Philanthropic support for the arts has been a growing source of funding for the arts in Australia contributing approximately 14% of arts organisations income compared to 7% for other charitable purposes (Perpetual Trustees 2019). The growth has been particularly noticeable in the area of institutional philanthropic giving vehicles, particularly Private Ancillary Funds (PAFs), (formerly Prescribed Private Funds), which have an endowed corpus usually established in perpetuity and set up by high-net-worth individuals and families. PAFs came into existence in 2000 and allow donors to contribute to a fund which pays out a minimum 5% of its capital value each year. PAFs have stepped in to fill gaps where government support has declined. The Support Report which tracks changes in giving trends in Australia notes that for the arts “the fall in Government funding (was) matched exactly by the rise in donations” (McLeod 2018).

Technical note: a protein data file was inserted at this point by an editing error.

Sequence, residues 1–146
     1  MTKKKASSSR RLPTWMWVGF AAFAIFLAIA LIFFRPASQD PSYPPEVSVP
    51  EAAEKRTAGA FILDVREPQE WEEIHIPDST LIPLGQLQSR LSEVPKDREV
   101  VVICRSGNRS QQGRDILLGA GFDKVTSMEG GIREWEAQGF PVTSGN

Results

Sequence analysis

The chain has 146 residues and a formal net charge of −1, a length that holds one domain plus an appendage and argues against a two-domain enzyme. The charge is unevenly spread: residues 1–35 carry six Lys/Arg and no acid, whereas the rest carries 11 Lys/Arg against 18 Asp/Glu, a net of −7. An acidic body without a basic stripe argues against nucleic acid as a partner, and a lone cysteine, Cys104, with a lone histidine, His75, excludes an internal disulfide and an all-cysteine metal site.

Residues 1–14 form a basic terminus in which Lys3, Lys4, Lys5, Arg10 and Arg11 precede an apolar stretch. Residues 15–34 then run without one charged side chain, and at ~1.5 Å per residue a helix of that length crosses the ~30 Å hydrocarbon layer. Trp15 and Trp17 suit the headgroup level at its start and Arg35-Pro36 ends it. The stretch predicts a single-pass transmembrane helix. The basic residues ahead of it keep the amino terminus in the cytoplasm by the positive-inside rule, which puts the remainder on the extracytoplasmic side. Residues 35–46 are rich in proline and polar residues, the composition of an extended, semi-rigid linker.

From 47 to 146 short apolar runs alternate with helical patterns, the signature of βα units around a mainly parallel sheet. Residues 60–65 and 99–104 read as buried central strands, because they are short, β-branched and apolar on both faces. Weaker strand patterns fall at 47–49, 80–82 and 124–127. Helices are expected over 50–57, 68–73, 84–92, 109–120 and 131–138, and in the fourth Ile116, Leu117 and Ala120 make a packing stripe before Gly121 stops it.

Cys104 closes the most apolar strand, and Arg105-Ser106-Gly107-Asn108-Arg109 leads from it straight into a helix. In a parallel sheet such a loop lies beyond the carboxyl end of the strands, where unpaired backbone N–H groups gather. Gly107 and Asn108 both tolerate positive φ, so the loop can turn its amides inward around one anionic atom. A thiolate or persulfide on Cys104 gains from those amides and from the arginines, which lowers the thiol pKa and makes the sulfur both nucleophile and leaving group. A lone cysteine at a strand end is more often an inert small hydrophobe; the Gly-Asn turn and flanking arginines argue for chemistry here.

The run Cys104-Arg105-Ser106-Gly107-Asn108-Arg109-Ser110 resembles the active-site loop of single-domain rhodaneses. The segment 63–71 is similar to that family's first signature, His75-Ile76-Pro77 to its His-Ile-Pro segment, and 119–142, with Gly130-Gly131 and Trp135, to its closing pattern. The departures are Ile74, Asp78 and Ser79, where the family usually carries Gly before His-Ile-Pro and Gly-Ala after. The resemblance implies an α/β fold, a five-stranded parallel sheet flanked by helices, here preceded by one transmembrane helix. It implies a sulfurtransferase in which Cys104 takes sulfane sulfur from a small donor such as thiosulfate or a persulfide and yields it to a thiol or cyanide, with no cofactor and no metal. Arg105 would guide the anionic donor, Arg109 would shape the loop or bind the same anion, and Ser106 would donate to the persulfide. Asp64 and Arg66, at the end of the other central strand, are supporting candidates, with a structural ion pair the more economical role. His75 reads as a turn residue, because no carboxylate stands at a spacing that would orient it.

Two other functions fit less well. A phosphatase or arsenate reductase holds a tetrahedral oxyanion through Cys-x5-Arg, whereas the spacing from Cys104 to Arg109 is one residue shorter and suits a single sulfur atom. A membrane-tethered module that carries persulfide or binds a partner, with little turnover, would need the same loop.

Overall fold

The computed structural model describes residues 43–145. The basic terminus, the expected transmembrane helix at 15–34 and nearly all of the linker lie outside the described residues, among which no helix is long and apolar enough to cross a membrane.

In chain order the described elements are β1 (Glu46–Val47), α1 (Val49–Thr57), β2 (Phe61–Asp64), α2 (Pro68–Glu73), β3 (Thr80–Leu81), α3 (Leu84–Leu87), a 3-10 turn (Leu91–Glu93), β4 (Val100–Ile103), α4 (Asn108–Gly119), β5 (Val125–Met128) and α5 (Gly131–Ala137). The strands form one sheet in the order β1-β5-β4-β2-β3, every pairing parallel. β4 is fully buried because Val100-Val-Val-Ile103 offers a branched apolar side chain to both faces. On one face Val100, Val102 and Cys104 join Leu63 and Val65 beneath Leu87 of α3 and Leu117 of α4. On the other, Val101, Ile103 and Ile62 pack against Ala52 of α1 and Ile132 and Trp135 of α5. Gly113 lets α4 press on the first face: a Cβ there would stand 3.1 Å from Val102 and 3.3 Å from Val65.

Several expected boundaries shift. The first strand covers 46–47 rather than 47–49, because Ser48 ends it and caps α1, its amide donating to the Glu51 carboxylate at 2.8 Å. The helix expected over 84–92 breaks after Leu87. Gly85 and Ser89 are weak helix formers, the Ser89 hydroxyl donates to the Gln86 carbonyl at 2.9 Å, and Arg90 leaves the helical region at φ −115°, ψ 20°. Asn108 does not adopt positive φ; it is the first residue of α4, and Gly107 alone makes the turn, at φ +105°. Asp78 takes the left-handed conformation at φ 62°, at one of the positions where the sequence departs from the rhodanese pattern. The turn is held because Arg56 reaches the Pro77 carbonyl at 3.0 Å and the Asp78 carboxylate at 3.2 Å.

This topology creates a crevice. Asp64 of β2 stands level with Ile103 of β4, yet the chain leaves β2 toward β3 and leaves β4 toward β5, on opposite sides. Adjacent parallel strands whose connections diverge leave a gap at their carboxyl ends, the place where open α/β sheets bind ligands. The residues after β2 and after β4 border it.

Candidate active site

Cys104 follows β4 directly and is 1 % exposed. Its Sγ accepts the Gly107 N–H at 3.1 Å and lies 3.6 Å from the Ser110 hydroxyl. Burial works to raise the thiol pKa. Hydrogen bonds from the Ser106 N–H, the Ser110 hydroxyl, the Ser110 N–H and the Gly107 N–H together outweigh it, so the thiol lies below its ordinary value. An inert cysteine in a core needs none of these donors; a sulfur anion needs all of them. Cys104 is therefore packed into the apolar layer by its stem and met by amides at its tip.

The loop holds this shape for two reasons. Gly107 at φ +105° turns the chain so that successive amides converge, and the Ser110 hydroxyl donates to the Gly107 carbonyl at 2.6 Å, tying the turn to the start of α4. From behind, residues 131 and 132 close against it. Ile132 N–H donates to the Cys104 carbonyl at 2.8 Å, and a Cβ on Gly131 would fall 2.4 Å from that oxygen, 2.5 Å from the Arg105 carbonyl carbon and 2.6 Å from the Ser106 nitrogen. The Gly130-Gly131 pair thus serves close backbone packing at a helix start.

PAFs have been growing steadily in number and value since first established, and the arts are often cited as among their top three priority giving areas. By 2020, PAFs had approximately $7.6 billion in funds under management (McGregor-Lowndes, Balczun & Williamson 2022). Initially, in June 2001 there were 21 PAFs, while in 2020 there were just over 1800, and in 2019-2020 PAFs distributed approximately $60 million dollars to cultural organisations (McGregor-Lowndes, Balczun & Williamson 2022). Another philanthropic structure, Public Ancillary Funds (PuAFs), which allow donors to establish sub-funds within another philanthropic entity support the arts to a much lesser extent giving just under $13 million to cultural organisations in 2019-2020 (McGregor-Lowndes, Balczun & Williamson 2022).